Explosive Northern California Wildfire Is Consuming 80 Acres of Land a Minute

Smoke from the campfire.
Smoke from the campfire.
Photo: AP

An incredibly dangerous wildfire has exploded to life in Northern California. The Camp Fire has spurred numerous evacuations in Butte County as it races across the landscape.

The fire was first reported at 6:30 a.m. PT, and grew to at least 5,000 acres in three hours. California’s state fire agency reported the fire is “very dynamic” and that ‘[s]trong winds are moving the fire quickly.” The official estimate of acreage burned is almost certainly on the low end, as the fire is spreading at an astonishing 80 acres per minute. Smoke from the blaze is already descending on the Bay Area some 150 miles away.

In addition to powerful winds, humidity is in the single digits, drying out vegetation. That has created what Redding TV meteorologist Rob Elvington called “unprecedented” conditions for this time of year, providing ample fuel for the Camp Fire to run wild.


All this has led to a growing list of evacuations. Video depicting the evacuation shows traffic moving in a contraflow pattern, with cars flowing in one direction on both sides of the a highway to get people out of harm’s way and stalled traffic amidst a hellscape of smoke and flames.

Paradise, a town of 27,000, sits directly in the Camp Fire’s path. Its rapid growth and early-morning arrival means that residents didn’t have much time to leave or firefighters time to prepare, leaving them to play a game of catchup against an extremely active fire. And the gridlock coupled with the rapidly-growing fire has reportedly led some to abandon their vehicles and shelter in place. Meanwhile firefighters operating bulldozers have been authorized to push cars off the road to clear a path and try to beat back the flames. In short, this is a chaotic nightmare situation.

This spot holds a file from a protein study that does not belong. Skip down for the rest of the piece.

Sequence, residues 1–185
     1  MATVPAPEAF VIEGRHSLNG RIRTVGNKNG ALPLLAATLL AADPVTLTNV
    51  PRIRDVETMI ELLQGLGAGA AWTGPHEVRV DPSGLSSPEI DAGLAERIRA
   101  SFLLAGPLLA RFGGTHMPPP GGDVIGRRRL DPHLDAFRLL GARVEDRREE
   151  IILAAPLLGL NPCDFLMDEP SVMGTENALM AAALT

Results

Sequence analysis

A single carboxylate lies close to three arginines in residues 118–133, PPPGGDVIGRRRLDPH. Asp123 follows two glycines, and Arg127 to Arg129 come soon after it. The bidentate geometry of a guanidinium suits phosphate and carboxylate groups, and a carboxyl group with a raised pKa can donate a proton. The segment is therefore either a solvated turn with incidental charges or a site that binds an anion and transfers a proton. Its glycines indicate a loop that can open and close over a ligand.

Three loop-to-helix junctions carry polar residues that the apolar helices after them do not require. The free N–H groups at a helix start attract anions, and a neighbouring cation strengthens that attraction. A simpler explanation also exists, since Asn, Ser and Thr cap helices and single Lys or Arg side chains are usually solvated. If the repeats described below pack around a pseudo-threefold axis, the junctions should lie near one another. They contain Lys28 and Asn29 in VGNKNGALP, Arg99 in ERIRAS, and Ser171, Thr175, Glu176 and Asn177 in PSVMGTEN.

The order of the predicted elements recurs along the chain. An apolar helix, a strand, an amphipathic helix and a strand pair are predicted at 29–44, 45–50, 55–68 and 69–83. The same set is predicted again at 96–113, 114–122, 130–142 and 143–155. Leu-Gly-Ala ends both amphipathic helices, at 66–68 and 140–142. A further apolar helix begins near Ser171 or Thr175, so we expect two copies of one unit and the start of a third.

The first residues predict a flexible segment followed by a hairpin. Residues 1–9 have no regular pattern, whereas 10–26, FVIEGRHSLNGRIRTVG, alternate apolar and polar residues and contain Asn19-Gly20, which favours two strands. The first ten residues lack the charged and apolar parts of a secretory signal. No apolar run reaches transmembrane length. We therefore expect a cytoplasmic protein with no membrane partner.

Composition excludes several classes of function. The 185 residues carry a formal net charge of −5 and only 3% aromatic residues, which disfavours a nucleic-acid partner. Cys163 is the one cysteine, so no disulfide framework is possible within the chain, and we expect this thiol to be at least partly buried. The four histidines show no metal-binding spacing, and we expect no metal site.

Unfortunately it’s also one that has become all too familiar to Californians in recent years. The largest fire in state history set Southern California ablaze in 2017. It held the record for less than a year, though, as the Ranch Fire took its place in the record books this year. California has had four of its top 10 most destructive fires burn in the past two years, the most recent being the Carr Fire that destroyed entire neighborhoods in Redding, a city of 90,000 in the northern part of the state.


Climate change coupled with growing number of people living where the forest meets the city has increased the risk of these types of fires. And humans are setting more blazes than ever. It’s enough to make one wonder how much longer we can keep building in harm’s way.

Update November 8, 4:24 p.m. ET: And like that, estimates for the fire continue to grow so that official estimates almost immediately become obsolete. Less than an hour after CALFIRE published an update that the Camp Fire was up to 8,000 acres, the agency’s public affairs office said it was unofficially up to at least 17,000 acres. Regardless, the blaze is zero percent contained. At this point, firefighters are trying to save lives and not property, which should tell you all you need to know about how dangerous the situation is.


Managing editor, Earther

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E=MC Hammered

I’ve spent considerable time living in Northern California, including both Santa Rosa and Redding where recent fires have burned hundreds of homes and have good friends who lost their homes in both. My sister lives in Paradise and I just heard from her that it burned through their neighborhood, but they don’t know about their house yet.

This is not normal for November. But by all means, let’s keep pretending global warming is a hoax.